In the last few years, I have fallen in love with a form of therapy called Equine Assisted Psychotherapy, or EAP for short. It's a bit of a fringe therapy, but it is growing exponentially as we learn more and more about its benefits. However, since it is fairly "fringe", many people haven't a clue what it actually means to do this work, or to be a client of EAP. So, here is my attempt at explaining it. Keep in mind, there are many ways to do this work - this is my experience.
Equine Assisted Psychotherapy (EAP) is, simply put, a psychotherapy session that is...assisted...by equines. A therapist, a horse professional (sometimes they are one and the same), and one or more horses come together to support a client in therapeutic growth - mentally and emotionally. This work can have physiological benefits, but that is only the goal as it relates to mental/emotional health (like a release in muscle tension due to decrease in anxiety). So goals are created much as they would be in typical office therapy - for example, a goal could be "decrease symptoms of anxiety", or "increase ability to recognize and manage emotions as they arise".
EAP is often confused with Hippotherapy or Therapeutic Riding - which is riding to improve physiological and mental development in those with injuries or mental/physical disabilities - clients with brain injuries, birth defects, autism spectrum, etc can benefit greatly from Hippotherapy. EAP is also often confused with EAL (replace Psychotherapy with Learning) - this is a practice done by horse professionals who are NOT licensed therapists, and whose focus is often on personal growth or coaching. Similar, but not the same. EAL can be powerful work - but if you are looking for psychotherapy, you need a licensed therapist - and EAP.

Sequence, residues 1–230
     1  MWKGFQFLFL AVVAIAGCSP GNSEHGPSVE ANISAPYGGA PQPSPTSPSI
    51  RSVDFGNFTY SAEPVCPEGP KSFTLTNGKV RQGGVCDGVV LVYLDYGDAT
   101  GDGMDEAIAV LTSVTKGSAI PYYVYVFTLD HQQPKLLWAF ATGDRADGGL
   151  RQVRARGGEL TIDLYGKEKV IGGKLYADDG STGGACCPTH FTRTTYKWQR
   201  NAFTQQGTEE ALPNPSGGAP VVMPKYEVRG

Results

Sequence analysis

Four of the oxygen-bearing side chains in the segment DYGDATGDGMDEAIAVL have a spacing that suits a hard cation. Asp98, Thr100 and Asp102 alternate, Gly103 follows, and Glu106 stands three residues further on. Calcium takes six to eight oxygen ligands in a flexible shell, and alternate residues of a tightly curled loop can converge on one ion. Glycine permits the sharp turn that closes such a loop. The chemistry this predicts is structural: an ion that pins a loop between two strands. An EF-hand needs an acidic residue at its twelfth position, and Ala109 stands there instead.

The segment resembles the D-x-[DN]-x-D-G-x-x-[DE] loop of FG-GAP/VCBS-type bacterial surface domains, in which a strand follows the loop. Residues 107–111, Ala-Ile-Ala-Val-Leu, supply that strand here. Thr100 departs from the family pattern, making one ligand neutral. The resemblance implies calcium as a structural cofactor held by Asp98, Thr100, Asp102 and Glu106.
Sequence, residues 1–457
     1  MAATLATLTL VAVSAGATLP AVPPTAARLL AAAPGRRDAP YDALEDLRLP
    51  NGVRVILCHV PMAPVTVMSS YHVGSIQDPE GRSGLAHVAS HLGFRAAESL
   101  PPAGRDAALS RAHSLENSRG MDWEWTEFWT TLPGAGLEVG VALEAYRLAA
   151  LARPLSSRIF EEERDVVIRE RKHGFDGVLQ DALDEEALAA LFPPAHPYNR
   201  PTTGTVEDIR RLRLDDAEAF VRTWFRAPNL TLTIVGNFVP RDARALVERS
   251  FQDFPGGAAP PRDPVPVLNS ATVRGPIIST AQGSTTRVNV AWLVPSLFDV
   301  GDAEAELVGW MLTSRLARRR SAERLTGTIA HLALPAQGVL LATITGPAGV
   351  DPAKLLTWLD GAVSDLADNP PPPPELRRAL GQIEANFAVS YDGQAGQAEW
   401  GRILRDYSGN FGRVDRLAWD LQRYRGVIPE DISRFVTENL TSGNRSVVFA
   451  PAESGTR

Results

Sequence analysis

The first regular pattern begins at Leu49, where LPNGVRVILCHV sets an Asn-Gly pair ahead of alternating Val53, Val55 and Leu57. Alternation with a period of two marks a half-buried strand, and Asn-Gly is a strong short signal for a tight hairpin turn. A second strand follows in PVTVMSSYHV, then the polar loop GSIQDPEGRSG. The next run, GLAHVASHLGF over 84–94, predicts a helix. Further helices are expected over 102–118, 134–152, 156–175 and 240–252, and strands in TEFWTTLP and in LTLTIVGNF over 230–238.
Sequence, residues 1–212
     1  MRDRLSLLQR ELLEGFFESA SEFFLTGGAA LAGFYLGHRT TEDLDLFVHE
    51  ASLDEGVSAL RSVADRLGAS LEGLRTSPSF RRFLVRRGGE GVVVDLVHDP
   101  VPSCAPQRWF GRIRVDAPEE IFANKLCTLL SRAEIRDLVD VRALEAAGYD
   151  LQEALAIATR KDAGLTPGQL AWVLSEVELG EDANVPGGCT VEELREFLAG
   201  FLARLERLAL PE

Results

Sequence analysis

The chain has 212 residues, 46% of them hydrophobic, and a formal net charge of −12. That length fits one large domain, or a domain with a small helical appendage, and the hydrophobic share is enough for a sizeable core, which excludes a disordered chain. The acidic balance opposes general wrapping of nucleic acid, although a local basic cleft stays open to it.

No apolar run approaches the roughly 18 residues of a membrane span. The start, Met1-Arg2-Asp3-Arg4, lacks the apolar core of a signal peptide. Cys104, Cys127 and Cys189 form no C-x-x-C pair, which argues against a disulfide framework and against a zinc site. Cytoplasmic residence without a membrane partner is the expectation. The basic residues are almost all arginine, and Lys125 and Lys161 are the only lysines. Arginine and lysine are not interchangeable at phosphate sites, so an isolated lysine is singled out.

Let's say you are seeking a therapist - you want to work on something emotional, mental, or behavioral (i.e. stress, anxiety, depression, relationship issues, family issues, parenting, trauma, etc) - why might you choose EAP? My favorite reason...because it is experiential. That means that instead of going into an office and talking about your problems, you come to the ranch and experience your problems. Now that may sound unappealing, so let me elaborate. When we see a talk therapist in an office (and I'm not dogging this work, it can be very powerful) - we often arrive, talk about ourselves and our life, and then leave with some ideas about what we might do or think about differently in the week between our sessions. In an EAP session, you come to session and begin to engage in a relationship with a horse or horses - you interact, try to accomplish tasks, try to connect. In doing so, the typical things that often cause you problems in life happen IN session. Do you over accommodate? Then you will over accommodate that horse. Do you try to control others? Then you will try to control that horse. Do you get frustrated and quit easily? Then you will get frustrated and quit with that horse. Do you focus so much on a task that you forget to connect with others? Then that's what will happen with that horse. See a pattern here? So rather than spending hours and hours, weeks and weeks in an office trying to decode all your thoughts/feelings/behaviors - a therapist in an EAP session will actually have a chance to see your behaviors in action, generally right away. Many times, believe it or not, I am able to observe the very heart of a client's work within the first couple of sessions. Not due to any magic or genius on my part - but because who we are with the horses is who we are everywhere. THEN, the therapist, the client, and the horse all come together to make the changes necessary also IN the session. A client doesn't have to go home to try things out and report back, the client can try things out with their horse and therapist there to support them and guide them. The client gets real-time feedback and learns while anxious, or afraid, or angry - and is supported in changing that IN THE MOMENT. It is powerful, transformational, and encourages changes in the brain for a lasting effect.